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  • Constructions at work: The nature of generalizations in language
  • Mira Ariel
Constructions at work: The nature of generalizations in language. By Adele E. GOldberg. Oxford: Oxford University Press, 2006. Pp. vii, 280. ISBN 0199268525. $34.95.

Adele Goldberg's Constructions at work is a welcome sequel to her 1995 Constructions, by now a landmark in linguistics. The new book extends her previous analyses and explores new and exciting territories. Since G is arguably the leading figure in construction grammar, the theory is here pitched against the background of alternative approaches, functional syntax and generative grammar, in order to convince the reader that whether one agrees with G or not, the book is essential reading.

Part 1 (Chs. 1–3) sums up the basic claims of construction grammar. Constructions are form-function pairings, and the idea is that grammar is 'constructions all the way down' (18). In other words, clause-level syntactic constructions, phrases, collocations, words, and morphemes are all analyzed in a similar, construction-based fashion. In addition, linguistic expressions (constructions) are taken to reflect both high-level, abstract generalizations (elegant rules) and low-level generalizations, as well as even idiosyncratic phenomena. These analyses, moreover, are not mutually exclusive, so the same linguistic string may receive multiple representations. The assumption is that we store 'redundant' representations (e.g. both the general, abstract -ed rule for forming English past-tense verbs and concrete representations for individual, regular past-tense verbs—verb + ed). [End Page 632]

G's main research program concerns argument-structure constructions, those clause-level form/ function pairings used to express basic meanings, such as TRANSFER (as in the ditransitive con-struction I gave him a red pepper, SBC:011),1CAUSED MOTION (subject, verb, object, a directional oblique: I was thinking of [sending Matt up there], SBC:014), and so on. Her argument has been that the computation of meaning must take into account constructional meaning, and not just the individual lexical items according to their syntactic roles (the usual way compositionality is applied).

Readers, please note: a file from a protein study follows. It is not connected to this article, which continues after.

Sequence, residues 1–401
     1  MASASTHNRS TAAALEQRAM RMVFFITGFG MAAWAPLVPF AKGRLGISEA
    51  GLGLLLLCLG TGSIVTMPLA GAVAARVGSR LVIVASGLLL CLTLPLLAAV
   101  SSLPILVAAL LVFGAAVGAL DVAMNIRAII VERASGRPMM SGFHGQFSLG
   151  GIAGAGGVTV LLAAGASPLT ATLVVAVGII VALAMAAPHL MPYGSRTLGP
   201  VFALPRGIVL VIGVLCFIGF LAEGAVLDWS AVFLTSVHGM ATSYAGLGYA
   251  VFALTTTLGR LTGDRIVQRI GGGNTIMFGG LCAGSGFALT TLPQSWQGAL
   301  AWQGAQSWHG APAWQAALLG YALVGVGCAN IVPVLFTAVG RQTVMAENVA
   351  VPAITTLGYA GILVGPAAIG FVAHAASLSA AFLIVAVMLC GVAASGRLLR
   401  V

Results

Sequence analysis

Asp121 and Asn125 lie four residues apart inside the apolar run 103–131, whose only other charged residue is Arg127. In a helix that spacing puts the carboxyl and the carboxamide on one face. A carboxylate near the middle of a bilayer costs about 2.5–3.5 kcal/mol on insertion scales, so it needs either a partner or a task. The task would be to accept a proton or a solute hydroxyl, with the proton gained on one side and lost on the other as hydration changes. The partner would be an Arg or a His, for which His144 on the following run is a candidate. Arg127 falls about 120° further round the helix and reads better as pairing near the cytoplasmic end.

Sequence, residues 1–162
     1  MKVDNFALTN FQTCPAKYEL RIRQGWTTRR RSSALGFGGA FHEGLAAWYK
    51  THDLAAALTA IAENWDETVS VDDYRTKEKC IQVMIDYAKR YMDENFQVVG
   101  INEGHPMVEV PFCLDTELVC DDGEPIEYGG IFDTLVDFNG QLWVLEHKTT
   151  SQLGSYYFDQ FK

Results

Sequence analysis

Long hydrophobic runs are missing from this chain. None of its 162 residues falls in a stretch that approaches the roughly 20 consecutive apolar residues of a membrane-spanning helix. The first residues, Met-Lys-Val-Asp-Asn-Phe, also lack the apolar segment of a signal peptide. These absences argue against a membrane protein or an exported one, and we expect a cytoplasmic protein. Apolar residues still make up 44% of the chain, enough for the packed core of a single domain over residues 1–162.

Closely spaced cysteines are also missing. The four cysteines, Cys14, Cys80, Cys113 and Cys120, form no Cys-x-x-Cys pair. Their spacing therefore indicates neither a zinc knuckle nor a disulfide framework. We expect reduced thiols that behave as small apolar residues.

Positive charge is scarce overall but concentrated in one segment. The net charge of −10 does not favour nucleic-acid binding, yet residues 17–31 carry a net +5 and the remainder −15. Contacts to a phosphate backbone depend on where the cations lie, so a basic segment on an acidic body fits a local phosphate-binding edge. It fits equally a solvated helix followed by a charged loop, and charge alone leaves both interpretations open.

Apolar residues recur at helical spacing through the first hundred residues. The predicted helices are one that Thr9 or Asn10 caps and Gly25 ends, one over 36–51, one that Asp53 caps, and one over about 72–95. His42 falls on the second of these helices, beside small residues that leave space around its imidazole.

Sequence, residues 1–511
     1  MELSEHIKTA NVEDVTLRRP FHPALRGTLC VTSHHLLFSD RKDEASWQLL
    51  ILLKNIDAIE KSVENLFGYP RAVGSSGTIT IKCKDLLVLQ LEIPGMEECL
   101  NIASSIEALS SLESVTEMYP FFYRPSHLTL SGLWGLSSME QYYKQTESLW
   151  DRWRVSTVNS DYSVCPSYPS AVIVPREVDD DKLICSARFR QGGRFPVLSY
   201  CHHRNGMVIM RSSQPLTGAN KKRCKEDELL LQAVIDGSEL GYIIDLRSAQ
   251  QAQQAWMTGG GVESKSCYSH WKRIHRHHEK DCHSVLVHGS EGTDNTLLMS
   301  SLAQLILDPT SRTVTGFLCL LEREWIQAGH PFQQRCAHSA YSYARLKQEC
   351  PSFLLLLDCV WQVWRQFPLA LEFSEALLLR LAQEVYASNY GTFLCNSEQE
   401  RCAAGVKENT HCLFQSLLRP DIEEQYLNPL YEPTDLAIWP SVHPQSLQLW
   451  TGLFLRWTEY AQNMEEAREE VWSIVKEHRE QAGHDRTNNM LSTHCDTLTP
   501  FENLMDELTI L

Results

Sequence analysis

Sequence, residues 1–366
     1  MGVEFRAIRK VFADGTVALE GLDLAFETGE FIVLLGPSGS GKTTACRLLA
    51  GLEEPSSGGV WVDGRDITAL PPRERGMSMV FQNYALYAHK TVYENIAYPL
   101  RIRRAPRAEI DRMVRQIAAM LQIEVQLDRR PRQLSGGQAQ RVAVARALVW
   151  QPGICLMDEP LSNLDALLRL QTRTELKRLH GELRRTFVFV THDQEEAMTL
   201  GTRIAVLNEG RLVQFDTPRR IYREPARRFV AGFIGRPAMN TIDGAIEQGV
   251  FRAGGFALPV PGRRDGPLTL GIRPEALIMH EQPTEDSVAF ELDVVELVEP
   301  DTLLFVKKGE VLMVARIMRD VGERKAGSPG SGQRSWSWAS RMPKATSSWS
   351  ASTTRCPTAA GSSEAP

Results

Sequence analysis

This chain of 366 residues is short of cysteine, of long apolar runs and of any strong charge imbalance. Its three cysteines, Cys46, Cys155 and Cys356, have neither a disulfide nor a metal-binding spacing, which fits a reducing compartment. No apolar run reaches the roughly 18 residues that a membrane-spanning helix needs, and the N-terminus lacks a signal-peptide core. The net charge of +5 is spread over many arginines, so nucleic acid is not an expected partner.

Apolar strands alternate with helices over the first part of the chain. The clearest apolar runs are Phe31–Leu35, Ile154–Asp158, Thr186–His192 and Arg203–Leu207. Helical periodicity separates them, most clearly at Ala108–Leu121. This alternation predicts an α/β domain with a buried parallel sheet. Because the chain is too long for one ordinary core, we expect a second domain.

As G acknowledges, hypothesizing a constructional meaning in the above two examples seems unnecessary (redundant). After all, the verbs give and send in any case denote TRANSFER and CAUSED MOTION (respectively). But, as G has convincingly demonstrated, verbs that do not denote TRANSFER (e.g. throw) or CAUSED MOTION (e.g. squeeze) can nonetheless be so interpreted if incorporated into the appropriate constructions (e.g. They usually throw me stale corn bread, See if [I can squeeze that in], LSAC). Once we assume constructional meanings, we avoid unnecessary multiple meanings and argument structures for verbs. Throw need not (also) be analyzed as a transfer verb requiring a recipient, nor is squeeze treated as (also) a motion verb requiring a locative. The recipient in the former and the directional oblique in the latter are contributed by the constructions instead.

G does not shy away from assuming constructions that have only limited productivity (e.g. the goVPing construction, as in So they go barging in on Mar, SBC:006). At the same time, metaphorical interpretations (e.g. Let's throw her a good party, LSAC) can extend construction meaning and use. No physical party is handed over in this ditransitive construction, but a metaphorical act of giving is conveyed, despite the lack of a transfer verb. This is due to the construc-tion. G notes that pragmatic functions are quite relevant in accounting for how and why speakers use specific linguistic constructions. For example, goVPing is associated with negative actions. In fact, G argues that both individual grammars and crosslinguistic 'universals' are motivated extralinguistically.

Now, Gis not the first to have argued for grammatically specified 'added values' (meanings) for syntactic constructions. Kuno (1972), Prince (1978), Fillmore and colleagues (1988), Thompson (1990), and others have convincingly shown that syntactic constructions convey more than what their components amount to. G shares some assumptions with these functional approaches. She too values subtle meaning distinctions (see the analysis of goVPing and other constructions in Ch. 3). She also fully recognizes the importance of procedural meanings (Ch. 7). Nonetheless, she has in effect challenged many of the assumptions and practices of functionalists.

G's is a...


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